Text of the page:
The California Legislature is in session. Today’s schedule is here.

On to today’s California headlines:

CA-26: Democrat Rep Brad Sherman is OUT and Assemblywoman Julia Brownley Is IN

Well, the rumors have born some fruit with California Assemblywoman Julia Brownley announcing over the long President’s Holiday weekend that she will run for Congress. Rep. Brad Sherman had coincidentally announced that he was remaining in CA-30 to duke it out with fellow Democrat Rep. Howard Berman for that Congressional seat.

Brownley lives in Santa Monica, but told Timm Herdt of the Ventura County Star that she would rent an apartment in Oak Park (unincorporated, Ventura County, but in CA-26) yesterday.

Assemblywoman Julia Brownley, stepping in after
Supervisor Steve Bennett dropped out last week, said Sunday she will be a
Democratic candidate in Ventura County’s new 26th Congressional
District.

Brownley, who lives in Santa Monica, has represented much of Ventura
County in the Assembly for the past five years. Her district includes
Port Hueneme, about half of Oxnard, Westlake Village and Oak Park —
areas that make up about 16 percent of the congressional district.

Brownley said she will move to an apartment in Oak Park this week.

Most, if not all of CA-26 is in Ventura County and Democrat Brownley,
while she represented Oxnard and Port Hueneme in the California
Assembly is from Santa Monica in Los Angeles County. Her carpetbagger
status (renting an apartment, in order to run for office in the
Congressional District – although federal law allows non-resident
candidacy, in any case) will be an issue.

With Ventura County Supervisor Steve benefit precipitously
withdrawing from the race, there was a Democratic Party void (i.e. a
well known Democratic POL candidate) and apparently Brownley will fill
it.

Now, whether Brownley can beat Thousand Oaks based Ventura County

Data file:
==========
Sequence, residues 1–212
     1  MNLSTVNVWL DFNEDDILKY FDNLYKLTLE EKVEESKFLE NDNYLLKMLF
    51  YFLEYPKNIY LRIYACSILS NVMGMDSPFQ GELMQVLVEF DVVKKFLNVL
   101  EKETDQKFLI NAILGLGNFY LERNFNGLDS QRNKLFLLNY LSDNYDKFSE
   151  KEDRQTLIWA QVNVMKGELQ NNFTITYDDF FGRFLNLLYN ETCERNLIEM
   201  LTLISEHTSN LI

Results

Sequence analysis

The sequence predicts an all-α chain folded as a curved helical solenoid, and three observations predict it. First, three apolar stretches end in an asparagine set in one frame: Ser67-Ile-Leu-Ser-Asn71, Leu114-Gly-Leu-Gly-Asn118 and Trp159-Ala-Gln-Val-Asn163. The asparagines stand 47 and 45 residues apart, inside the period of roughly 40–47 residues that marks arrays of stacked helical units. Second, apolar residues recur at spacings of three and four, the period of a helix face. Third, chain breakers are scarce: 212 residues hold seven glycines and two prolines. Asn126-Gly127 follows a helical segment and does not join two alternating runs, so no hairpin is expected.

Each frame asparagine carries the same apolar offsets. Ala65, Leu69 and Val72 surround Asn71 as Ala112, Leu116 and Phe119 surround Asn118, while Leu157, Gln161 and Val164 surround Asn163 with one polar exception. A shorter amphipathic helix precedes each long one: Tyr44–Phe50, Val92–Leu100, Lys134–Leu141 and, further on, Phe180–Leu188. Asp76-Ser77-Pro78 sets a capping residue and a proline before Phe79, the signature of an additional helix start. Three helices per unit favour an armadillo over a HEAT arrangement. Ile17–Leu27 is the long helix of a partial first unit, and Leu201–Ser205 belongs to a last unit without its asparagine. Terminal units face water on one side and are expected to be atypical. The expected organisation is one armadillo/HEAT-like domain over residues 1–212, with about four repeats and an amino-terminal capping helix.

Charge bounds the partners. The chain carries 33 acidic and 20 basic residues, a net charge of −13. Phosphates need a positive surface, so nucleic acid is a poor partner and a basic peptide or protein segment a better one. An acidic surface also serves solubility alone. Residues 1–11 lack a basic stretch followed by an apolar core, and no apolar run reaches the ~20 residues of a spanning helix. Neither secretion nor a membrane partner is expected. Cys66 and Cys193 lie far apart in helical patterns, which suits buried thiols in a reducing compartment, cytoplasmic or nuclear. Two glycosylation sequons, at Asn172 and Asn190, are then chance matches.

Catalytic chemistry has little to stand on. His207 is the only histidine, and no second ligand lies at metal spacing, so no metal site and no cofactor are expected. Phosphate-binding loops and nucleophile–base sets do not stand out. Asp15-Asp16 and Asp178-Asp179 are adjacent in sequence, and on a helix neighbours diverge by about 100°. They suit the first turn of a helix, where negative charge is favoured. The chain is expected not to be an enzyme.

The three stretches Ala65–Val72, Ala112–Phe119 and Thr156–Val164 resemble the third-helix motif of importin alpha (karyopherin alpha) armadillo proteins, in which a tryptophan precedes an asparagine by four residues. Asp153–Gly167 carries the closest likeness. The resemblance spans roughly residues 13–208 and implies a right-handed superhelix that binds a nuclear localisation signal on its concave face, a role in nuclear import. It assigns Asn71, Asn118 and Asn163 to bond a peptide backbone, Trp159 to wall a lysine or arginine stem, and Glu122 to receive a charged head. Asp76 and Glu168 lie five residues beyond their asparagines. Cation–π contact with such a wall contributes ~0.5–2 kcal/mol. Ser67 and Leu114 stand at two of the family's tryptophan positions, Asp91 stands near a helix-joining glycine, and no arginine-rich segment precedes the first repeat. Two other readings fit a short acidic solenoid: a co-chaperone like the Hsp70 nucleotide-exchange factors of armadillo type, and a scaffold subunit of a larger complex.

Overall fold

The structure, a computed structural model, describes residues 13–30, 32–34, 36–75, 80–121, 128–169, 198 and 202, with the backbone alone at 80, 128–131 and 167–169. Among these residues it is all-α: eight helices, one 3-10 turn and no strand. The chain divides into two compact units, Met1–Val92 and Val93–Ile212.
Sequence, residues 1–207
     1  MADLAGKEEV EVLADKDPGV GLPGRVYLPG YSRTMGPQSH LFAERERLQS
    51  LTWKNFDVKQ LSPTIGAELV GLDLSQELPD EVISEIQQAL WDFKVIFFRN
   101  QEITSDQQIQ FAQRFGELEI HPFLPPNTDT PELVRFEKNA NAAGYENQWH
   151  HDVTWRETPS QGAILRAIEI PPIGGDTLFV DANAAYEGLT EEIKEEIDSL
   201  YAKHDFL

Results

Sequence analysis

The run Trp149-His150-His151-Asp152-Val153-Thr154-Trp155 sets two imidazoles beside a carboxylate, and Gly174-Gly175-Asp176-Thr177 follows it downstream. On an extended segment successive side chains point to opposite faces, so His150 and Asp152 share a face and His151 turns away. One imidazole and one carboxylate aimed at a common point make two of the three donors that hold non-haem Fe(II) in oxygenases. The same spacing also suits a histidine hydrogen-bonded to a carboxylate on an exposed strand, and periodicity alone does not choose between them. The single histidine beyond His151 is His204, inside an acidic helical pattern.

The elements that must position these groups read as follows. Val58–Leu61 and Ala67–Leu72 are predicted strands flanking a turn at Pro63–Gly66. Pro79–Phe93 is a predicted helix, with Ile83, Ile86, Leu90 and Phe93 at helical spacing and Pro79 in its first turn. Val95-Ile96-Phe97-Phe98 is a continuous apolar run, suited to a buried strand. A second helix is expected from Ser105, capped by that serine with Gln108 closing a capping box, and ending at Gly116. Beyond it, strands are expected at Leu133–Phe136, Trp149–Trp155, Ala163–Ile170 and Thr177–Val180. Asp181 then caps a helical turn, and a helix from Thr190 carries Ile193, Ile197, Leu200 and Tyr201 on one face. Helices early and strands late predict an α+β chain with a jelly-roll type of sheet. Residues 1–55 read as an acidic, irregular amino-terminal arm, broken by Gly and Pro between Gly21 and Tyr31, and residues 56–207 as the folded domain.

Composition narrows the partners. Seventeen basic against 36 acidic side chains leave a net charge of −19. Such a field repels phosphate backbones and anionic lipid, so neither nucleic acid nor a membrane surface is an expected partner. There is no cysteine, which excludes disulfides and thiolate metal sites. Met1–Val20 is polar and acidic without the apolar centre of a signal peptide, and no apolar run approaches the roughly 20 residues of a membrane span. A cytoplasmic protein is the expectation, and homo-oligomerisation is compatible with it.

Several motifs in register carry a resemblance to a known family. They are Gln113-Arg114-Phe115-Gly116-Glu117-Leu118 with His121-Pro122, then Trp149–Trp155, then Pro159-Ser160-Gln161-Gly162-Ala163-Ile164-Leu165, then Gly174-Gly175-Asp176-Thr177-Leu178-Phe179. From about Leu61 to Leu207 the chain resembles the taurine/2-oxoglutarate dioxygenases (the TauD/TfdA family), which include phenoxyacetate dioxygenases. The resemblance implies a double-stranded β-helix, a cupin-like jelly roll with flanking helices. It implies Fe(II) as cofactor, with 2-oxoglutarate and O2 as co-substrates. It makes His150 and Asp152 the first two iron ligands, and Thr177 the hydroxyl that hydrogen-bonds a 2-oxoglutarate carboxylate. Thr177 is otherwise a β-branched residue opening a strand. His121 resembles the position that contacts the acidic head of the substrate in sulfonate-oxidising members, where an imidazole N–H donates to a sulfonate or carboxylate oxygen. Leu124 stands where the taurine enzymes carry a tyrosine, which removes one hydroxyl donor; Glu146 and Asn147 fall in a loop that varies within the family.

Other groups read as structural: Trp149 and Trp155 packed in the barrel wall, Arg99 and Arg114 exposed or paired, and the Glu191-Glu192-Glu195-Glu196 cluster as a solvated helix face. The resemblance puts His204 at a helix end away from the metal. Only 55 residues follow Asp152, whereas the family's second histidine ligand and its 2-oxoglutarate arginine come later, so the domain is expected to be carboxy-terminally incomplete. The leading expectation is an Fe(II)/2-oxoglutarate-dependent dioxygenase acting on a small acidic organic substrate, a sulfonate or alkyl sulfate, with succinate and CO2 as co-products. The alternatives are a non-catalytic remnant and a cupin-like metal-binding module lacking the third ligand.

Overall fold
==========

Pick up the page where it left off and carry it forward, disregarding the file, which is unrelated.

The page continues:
Supervisor Linda Parks and/or Republican California State Senator Tony
Strickland in the June primary election (remember the top two advance to
the November general election) is another story. Plus, there are other
Democrats in the race which may dilute the Democratic vote.

Chevron’s influence in El Segundo comes under increased scrutiny

When El Segundo leaders last year were deciding whether to pursue a nearly ninefold tax hike on the Chevron oil refinery, they looked out to a City Council chambers filled with company supporters.

Employees and their families, school leaders and former elected officials argued the proposed increase to the refinery’s acreage tax was ill-timed and even wrong.

Whether they had any sway is difficult to know, but the council weeks later dropped the plan to put the hike on the April municipal ballot and instead entered into negotiations with Chevron. Those talks could win El Segundo millions of dollars more from the oil company if they go the city’s way.

But as both sides come to the table, Chevron’s influence in the town it helped found 100 years ago has come under scrutiny.

Tax plans would boost schools but leave social safety net vulnerable

As education groups battle over which California tax initiative would give the biggest boost to schools, advocates for low-income residents fear safety-net programs remain vulnerable no matter what happens on the ballot in November.